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lified as alderman, under his election of the day before, by taking the usual oaths. (Present — John F. Regnault and E. A. J. Clopton, aldermen.) After transacting some unimportant business, the court proceeded to the examination of George Russell, charged with feloniously, unlawfully, and maliciously cutting, stabbing and wounding Daniel Anderson, with intent to maim, disfigure, disable and kill him. Russell was discharged, the evidence not being sufficient to justify the court in senRussell was discharged, the evidence not being sufficient to justify the court in sending him on for further trial. In the case of E. K. Lockwood, charged with retailing ardent spirits without license, a nolle prosequi was entered, he paying the costs. The case of Lizzie Winn, charged with keeping an ill-governed and disorderly house on Mayo street, where persons assemble for purposes of lewdness, &c., was continued till to-day on account of the absence of witnesses, and a rule was awarded against each of the absent witnesses to show cause why they should not be attac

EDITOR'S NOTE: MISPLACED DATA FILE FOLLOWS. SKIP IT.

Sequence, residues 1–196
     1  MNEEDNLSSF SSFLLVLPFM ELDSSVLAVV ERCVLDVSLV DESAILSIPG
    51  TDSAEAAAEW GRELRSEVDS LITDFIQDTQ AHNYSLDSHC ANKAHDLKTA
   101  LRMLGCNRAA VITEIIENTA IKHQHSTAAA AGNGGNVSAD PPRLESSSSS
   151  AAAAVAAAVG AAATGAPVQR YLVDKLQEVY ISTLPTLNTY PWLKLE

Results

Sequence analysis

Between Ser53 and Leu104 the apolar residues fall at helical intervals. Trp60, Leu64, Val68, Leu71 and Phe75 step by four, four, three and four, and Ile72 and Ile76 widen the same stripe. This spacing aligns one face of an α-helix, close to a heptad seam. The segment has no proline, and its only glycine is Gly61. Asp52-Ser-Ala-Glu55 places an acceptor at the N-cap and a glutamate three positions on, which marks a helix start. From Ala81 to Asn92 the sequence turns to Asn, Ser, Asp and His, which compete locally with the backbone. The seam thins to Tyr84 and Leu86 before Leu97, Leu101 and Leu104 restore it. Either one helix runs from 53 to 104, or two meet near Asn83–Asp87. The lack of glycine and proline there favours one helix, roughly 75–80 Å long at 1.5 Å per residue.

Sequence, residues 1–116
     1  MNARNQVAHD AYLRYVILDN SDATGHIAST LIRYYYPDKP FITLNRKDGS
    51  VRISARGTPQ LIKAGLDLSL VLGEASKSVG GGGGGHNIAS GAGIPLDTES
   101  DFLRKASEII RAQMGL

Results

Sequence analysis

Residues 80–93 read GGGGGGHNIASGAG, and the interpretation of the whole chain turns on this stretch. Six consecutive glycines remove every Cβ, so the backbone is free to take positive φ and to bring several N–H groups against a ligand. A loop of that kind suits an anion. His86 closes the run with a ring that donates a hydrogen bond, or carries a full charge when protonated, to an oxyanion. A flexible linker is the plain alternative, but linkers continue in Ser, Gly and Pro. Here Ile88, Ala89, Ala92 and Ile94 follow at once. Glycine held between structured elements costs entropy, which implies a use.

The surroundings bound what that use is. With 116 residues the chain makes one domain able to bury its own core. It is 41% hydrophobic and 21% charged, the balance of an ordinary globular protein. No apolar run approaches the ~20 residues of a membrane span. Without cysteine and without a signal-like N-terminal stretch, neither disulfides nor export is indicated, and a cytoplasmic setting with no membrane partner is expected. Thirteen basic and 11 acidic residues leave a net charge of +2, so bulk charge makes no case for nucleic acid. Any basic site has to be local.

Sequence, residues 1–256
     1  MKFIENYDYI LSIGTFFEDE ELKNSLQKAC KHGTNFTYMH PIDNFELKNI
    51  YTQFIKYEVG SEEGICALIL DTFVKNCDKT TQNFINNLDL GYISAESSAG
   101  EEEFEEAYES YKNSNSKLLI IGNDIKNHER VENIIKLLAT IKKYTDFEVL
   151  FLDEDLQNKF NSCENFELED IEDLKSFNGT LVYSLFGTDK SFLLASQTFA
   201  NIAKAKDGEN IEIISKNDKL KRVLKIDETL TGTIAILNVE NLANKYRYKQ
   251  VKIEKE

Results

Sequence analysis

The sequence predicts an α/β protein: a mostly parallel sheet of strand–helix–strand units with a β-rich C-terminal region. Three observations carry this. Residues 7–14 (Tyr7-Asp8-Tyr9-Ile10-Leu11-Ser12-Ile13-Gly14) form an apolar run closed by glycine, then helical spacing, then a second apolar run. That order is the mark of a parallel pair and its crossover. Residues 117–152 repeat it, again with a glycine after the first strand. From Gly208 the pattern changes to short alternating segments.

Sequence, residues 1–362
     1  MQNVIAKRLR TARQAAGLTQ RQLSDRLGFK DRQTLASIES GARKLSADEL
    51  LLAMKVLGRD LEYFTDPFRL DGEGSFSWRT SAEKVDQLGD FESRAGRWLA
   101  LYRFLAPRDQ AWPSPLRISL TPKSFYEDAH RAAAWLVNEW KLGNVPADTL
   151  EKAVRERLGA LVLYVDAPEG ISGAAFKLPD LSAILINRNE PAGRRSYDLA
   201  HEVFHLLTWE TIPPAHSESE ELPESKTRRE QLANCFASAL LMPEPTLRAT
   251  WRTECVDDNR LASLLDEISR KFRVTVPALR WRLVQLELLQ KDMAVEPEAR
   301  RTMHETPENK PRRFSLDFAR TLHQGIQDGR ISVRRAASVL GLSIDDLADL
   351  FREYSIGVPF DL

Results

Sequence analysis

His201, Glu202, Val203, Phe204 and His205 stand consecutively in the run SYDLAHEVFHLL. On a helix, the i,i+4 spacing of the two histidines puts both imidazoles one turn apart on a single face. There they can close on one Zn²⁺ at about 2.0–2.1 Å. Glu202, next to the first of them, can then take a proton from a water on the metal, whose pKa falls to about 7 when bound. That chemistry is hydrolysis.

re the gallant Louisianians stormed this battery and delivered the two young men from their terrible condition, and they yet live to fight under McCulloch again. While the deliverance of these young men is a source of joy to us all, what a picture does this narrative present of the thievish and murderous propensities of those monsters in human form, who are fighting Lincoln's battles. What a Spanish General saw in the Federal Army. General Lana, the Spanish officer mentioned in Mr. Russell's last letter as on a visit to Washington, writes a letter to the Diario de la Habana just after the battle of Manassas, from which we take a graphic and amusing extract: It is necessary to see this place to be convinced of what is occurring, and to form an idea of what kind of an affair an army is composed of men without any military habits, and led by officers — chiefs and generals — for the most part devoid of the necessary military knowledge. Excepting the war material in the t